The Corner

National Security & Defense

Don’t Look Now, but We May Be Re-Winning the War in Iraq

ISIS-held territory is shrinking, and the critical battle for Mosul looms:

Kurdish Peshmerga forces retook a swath of northern Iraq late last month from Islamic State and days later American forces appeared in the area, the latest sign of increasing U.S. military activity in the country.

The U.S. troops, numbering about a dozen, were still there this week and spent Wednesday supervising Iraqi army engineers repairing a bridge to help local forces cross the Great Zab river in their push towards Mosul, the militants’ de facto capital in Iraq which Baghdad wants to retake this year.

Key to the advance, of course, is American air support, American logistics support, and special forces boots on the ground:

Loath to become mired in another conflict overseas, the White House has insisted there will be no American “boots on the ground” in Iraq, but current troop levels are approaching 5,000.

That is still a fraction of the 170,000 deployed at the height of the nine-year occupation that toppled Saddam Hussein in 2003, sparking an al Qaeda-backed insurgency and throwing the country into a sectarian civil war.

President Barack Obama withdrew U.S. troops from Iraq but they returned in 2014 after the Iraqi army fled Islamic State’s advance through a third of the country despite billions of dollars in U.S. aid and training.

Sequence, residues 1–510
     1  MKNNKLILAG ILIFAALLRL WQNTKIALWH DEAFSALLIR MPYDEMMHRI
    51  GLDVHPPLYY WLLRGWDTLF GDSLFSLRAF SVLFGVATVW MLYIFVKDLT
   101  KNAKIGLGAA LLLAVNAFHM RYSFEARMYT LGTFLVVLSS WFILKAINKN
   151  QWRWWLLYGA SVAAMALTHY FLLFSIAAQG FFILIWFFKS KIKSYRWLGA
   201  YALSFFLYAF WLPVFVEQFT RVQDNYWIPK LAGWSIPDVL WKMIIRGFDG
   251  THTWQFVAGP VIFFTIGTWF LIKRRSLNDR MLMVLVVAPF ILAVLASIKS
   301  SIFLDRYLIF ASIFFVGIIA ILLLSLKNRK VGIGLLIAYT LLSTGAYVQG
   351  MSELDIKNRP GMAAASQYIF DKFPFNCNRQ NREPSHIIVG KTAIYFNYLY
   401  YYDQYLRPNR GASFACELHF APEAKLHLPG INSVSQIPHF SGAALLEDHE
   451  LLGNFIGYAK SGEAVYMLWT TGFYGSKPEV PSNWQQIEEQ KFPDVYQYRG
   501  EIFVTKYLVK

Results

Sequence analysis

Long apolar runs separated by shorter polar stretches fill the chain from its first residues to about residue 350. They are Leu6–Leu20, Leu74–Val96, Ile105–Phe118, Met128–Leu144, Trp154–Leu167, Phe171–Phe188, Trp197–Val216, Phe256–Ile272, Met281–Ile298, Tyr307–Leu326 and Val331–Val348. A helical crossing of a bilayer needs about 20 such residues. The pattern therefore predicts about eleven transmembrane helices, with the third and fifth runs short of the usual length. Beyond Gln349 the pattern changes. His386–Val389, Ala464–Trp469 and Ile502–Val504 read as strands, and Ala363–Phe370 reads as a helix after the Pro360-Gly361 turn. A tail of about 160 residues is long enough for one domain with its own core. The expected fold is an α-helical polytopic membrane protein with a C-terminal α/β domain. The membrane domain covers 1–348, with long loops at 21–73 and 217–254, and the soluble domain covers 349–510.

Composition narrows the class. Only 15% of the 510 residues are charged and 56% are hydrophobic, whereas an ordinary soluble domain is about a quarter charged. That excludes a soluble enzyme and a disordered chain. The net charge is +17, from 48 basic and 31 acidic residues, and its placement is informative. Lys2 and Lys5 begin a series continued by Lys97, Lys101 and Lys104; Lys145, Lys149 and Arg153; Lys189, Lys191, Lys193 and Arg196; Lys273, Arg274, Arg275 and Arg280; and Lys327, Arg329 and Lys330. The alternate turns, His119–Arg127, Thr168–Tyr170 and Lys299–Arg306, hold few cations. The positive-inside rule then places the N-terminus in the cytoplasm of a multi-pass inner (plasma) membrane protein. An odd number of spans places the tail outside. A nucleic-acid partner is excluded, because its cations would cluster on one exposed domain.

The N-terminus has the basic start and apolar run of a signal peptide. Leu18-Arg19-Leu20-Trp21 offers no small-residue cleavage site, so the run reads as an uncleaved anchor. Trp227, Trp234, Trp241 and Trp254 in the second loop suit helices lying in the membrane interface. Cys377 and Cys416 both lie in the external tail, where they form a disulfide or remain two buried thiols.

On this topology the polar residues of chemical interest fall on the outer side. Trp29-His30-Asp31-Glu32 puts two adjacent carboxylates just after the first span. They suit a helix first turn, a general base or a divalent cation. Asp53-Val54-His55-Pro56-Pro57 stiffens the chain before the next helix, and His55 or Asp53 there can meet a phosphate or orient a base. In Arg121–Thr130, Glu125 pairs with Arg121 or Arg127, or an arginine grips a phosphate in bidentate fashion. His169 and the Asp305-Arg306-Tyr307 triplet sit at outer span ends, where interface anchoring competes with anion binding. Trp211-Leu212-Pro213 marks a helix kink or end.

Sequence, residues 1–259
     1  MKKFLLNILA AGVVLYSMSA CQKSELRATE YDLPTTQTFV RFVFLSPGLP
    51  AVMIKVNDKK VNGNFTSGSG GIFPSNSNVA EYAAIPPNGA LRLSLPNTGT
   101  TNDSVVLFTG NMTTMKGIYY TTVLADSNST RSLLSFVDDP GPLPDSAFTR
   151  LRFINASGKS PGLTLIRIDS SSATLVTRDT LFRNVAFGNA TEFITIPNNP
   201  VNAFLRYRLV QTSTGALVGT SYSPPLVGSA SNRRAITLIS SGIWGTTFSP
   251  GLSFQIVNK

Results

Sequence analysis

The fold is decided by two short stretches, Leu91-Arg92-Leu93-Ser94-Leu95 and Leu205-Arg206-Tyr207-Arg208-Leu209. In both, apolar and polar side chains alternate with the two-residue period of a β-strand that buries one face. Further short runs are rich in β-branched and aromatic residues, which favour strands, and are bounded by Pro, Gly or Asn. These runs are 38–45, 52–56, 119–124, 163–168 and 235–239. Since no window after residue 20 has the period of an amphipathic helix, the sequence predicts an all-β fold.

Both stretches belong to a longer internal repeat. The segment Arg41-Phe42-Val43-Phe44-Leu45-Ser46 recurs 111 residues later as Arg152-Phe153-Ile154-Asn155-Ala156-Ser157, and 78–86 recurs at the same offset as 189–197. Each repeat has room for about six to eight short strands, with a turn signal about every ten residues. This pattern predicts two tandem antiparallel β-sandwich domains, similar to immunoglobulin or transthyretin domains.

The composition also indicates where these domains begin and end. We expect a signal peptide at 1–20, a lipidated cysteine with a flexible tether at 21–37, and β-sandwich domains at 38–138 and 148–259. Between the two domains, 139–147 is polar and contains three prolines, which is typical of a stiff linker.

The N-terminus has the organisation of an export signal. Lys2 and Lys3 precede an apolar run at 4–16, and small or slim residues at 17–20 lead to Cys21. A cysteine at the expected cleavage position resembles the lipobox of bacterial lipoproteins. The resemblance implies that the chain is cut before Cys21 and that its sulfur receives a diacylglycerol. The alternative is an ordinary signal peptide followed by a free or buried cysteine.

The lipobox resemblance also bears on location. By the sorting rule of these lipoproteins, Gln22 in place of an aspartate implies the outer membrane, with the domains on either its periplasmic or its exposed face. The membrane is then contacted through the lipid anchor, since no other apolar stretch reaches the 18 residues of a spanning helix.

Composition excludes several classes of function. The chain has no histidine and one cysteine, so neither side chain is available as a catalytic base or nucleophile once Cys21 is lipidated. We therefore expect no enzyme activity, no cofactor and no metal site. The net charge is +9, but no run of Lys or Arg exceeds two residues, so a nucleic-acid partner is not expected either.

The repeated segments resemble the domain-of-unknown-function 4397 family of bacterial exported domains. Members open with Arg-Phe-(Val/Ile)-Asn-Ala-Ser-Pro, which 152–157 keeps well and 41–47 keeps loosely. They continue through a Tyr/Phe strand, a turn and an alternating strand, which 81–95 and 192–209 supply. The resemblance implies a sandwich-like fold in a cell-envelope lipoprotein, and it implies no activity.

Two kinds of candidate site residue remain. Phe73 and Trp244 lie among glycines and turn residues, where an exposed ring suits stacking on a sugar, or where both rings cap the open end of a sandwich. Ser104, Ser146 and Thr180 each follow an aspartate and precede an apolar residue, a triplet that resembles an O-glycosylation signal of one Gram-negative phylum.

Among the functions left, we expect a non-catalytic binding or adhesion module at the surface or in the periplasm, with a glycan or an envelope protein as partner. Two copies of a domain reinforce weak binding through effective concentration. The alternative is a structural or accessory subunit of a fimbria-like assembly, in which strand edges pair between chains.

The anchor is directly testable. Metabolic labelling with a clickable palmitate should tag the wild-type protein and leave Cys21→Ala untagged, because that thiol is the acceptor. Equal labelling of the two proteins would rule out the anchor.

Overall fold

The United States is conducting an extensive air campaign over Iraq and also covert special forces raids against the jihadists behind their frontlines.

First, it is still stunning to me that we’re facing yet another battle for Mosul. When I served in Iraq, most of my regiment was in Mosul (my squadron was in Diyala), fighting to wrest one of the last jihadist strongholds from enemy hands. Now the jihadists are back in force. Obama’s decision to abandon Iraq in 2011 ranks as one of the worst strategic blunders of modern times.

Second, it is to Obama’s credit, however, that he reversed course in time to save Baghdad and Kurdistan and reverse enemy momentum. The level of force hasn’t been sufficient to prevent ISIS from consolidating its gains, providing a home for jihadists worldwide, and beginning the process of educating a new generation of terrorists, but a prior generation of American politicians behaved much worse than Obama when they allowed South Vietnam to fall. There was no helicopter on the roof moment in Baghdad, and instead the enemy is now in retreat. 

Third, if and when Mosul falls again to the Iraqi government, we’ll have yet another chance to maintain our gains and protect our victory in Iraq. It will be incumbent on either president Clinton or president Trump to not repeat the mistakes of the past and maintain a military presence. The history is not yet written, and it may well turn out that we once again snatch victory from the jaws of defeat and have a chance to create a lasting, strategically advantageous settlement in Iraq. 

David French is a senior writer for National Review, a senior fellow at the National Review Institute, and a veteran of Operation Iraqi Freedom.

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